You only have to see how far our routine has deviated from ‘nature’ to see why our sleep is disturbed so much – yes, the 21st century habits that make up our bed time routine are sabotaging our sleep!

300 years ago, man (and woman) would go to sleep when the sun went down and would awake as it rose bright and early the next morning. The room in which they tucked themselves in would be cool and aired and have no major distractions. The result? They’d get to sleep quickly and awaken in the AM feeling refreshed.

Now, the UK is one of the most sleep deprived countries in the world. Many people complain of not enough, or getting poor quality, sleep, but it’s likely it’s caused by actions that we can easily amend. Some elements of sleep loss can be changed by changing habits, while others can be changed by altering the environment.

sleep bed routine - the goal getter uk


If you are having problems with your sleep, take time to reassess these everyday occurrences before you next rest your head.


Is technology ruling your life? The fear of not being ‘connected’ is one possessed by many but for some this fear can turn into an obsession. Before everyone had mobile phones, nobody batted an eyelid when you were unreachable for a few hours. However in this day and age it’s almost demanded that we are contactable 24 hours a day. And because of this, it’s safe to say 99% of people never switch off their phone. If somebody texts you at 3am and you are awoken by a ‘ping’, chances are you instantly feel compelled to reply.

Adding flame to the fire, light from our devices is ‘short-wavelength-enriched’ meaning it has a higher concentration of blue light than normal, natural light. This blue light affects levels of the sleep-inducing hormone melatonin and although some devices claim to have a night mode (which is supposed to emit less blue light), nothing beats not using it altogether. It’s time to turn it off or leave it in another room, way out of earshot at night.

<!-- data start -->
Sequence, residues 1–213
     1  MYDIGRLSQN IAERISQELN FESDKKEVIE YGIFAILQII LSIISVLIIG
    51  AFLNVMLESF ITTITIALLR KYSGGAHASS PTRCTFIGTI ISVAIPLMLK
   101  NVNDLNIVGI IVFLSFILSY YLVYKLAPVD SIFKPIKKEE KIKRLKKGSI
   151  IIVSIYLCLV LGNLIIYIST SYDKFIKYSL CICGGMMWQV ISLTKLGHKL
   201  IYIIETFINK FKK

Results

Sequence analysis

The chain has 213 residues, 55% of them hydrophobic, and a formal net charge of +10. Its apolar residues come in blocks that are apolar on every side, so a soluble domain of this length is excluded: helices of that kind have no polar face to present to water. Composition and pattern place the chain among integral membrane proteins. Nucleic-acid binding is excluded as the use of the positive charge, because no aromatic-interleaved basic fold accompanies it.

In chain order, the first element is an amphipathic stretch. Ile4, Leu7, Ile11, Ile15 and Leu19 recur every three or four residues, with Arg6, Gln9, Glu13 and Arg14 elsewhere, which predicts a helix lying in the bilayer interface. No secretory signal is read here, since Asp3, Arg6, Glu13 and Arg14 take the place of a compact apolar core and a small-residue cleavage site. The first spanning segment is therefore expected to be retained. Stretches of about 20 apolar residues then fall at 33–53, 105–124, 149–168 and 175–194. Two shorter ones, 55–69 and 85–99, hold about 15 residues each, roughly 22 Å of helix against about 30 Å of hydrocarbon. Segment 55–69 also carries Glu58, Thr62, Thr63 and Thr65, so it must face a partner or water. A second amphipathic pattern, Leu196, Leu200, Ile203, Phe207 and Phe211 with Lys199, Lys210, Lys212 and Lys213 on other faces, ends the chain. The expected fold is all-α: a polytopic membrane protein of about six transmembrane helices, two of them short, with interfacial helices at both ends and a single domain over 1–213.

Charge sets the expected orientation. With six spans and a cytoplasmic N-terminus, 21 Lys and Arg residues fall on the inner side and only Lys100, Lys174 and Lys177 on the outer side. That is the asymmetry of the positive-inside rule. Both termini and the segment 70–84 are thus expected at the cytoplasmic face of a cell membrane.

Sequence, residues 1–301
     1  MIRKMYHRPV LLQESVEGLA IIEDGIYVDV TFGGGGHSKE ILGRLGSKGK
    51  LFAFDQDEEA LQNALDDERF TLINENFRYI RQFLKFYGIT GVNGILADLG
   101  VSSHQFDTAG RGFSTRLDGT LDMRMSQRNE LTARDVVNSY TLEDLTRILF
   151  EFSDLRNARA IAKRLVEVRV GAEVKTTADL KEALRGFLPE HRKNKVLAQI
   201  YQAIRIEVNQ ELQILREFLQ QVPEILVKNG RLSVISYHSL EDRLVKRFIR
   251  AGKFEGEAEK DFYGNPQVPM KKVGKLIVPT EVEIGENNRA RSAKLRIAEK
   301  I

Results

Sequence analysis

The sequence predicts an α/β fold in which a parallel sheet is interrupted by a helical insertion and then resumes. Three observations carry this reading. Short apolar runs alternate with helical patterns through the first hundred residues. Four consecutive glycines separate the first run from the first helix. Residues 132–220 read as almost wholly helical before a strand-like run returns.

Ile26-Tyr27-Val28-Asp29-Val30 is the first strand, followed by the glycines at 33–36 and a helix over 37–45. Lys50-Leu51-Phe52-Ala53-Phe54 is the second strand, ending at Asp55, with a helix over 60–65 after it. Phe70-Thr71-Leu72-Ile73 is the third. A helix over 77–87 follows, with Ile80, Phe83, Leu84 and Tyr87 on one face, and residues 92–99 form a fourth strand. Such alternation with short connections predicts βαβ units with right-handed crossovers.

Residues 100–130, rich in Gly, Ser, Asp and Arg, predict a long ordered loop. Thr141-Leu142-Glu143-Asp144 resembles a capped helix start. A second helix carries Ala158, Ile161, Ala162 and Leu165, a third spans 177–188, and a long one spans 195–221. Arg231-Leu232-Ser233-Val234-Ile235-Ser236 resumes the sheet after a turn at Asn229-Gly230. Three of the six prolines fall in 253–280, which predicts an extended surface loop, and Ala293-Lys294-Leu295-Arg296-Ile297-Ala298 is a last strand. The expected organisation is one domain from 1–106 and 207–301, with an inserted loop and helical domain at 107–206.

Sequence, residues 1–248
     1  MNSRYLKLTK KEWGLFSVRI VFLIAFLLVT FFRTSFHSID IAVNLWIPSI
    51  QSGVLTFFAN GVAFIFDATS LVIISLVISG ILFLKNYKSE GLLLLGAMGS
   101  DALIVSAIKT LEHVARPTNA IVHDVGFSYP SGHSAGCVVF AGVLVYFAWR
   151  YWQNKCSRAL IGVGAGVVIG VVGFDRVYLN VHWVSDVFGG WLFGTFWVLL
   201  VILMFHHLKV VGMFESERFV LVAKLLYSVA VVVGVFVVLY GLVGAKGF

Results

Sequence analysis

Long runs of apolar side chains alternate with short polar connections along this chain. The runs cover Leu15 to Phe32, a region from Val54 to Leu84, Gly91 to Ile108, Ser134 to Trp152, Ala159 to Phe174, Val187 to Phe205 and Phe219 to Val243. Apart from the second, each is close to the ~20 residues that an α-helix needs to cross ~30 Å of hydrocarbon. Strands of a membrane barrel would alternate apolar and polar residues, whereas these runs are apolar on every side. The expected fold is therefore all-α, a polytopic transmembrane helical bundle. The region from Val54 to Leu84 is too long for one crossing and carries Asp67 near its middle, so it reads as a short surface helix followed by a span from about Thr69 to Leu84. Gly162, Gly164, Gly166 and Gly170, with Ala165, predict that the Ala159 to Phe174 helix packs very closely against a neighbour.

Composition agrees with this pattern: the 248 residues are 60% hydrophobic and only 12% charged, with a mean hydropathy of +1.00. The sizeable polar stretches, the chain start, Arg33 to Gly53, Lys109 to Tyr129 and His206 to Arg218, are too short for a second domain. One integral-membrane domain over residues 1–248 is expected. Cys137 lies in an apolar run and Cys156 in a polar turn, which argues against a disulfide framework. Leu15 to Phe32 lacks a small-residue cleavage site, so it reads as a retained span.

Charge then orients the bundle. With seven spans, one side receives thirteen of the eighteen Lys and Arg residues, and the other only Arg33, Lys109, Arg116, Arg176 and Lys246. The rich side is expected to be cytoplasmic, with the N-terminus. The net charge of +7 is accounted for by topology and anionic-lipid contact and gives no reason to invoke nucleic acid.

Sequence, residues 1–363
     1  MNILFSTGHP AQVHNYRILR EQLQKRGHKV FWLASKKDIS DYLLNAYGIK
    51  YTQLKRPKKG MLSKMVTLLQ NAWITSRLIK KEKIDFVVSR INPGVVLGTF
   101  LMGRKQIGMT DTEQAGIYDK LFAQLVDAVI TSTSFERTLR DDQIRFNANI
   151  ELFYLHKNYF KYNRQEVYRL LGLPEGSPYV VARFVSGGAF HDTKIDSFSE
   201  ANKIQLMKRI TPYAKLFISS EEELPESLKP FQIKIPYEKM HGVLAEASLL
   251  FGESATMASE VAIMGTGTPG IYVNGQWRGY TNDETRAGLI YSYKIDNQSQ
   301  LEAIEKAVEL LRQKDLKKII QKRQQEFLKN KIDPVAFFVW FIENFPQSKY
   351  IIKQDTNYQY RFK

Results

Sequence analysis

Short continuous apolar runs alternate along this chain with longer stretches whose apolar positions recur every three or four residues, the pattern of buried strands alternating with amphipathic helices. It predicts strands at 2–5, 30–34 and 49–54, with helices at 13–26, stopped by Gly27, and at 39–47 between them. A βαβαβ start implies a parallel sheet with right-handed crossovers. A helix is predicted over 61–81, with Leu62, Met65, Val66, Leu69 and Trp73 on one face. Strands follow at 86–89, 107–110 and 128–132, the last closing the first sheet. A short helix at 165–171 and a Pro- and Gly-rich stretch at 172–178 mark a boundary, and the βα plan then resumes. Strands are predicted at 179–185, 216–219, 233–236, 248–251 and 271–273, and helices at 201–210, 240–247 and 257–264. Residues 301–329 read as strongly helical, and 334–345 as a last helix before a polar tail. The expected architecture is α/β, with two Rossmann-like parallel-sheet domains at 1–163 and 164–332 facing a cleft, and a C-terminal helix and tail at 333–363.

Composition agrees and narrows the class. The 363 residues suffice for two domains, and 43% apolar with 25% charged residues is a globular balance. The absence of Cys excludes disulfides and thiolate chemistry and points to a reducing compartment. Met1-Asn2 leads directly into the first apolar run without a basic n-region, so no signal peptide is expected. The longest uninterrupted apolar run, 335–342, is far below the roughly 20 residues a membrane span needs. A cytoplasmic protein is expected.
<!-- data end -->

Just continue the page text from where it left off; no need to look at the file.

sleep bed routine - the goal getter uk


Many sleep experts suggest that any screen of any size in the bedroom is a barrier to a good night’s sleep, so its not just phones that are the issue! Whether it’s catching up with the latest box set on Netflix on your tablet or watching late night rubbish on the TV that’s up on your bedroom wall, your brain and senses are all being over-stimulated past bedtime. Your brain needs time to slow down and relax before it can sleep – you wouldn’t expect your body to be instantly ready for sleep after a 10k run – and removing screens from the bedroom will help create a more restful sleeping environment.


Poor temperature control contributes to poor sleep quality on a number of levels, for example you could be overheating because of excessive exercise too close to bedtime. Changing your mattress and pillow or adding a mattress topper could help, or you could invest in specialist heat responsive bedding (such as DermaTherapy Bedding) which wicks away moisture from the sleep surface and gives you the benefit of a cleaner, drier, sounder sleep.

sleep bedtime routine - the goal getter


If you eat too much or eat certain foods too close to when you’re tucking up in bed, your sleep may be affected. Spicy and acidic foods like citrus and tomatoes may be especially bothersome, while alcohol, chocolate, and even peppermint may also worsen heartburn and reflux. It’s pretty clear that caffeine should be avoided too, but it’s not just in tea and coffee – think fizzy drinks too. While some foods are risky before sleep, others can be comforting. A warm glass of milk before bed shouldn’t just be for young children – it can help you relax and mentally prepare for sleep as part of a regular bedtime routine too.


The body’s natural circadian rhythm has controlled our waking and sleeping cycles since the dawn of time but modern lifestyles means that not only are people not getting enough sleep but they’re getting the wrong type of sleep at the wrong time of the day too. Introducing a routine can help the body restore its rhythm. Try to go to sleep at the same time each day and keep your waking time constant through the week and weekend. A sneaky few hours extra in bed on a Saturday or Sunday will not help in the long term.

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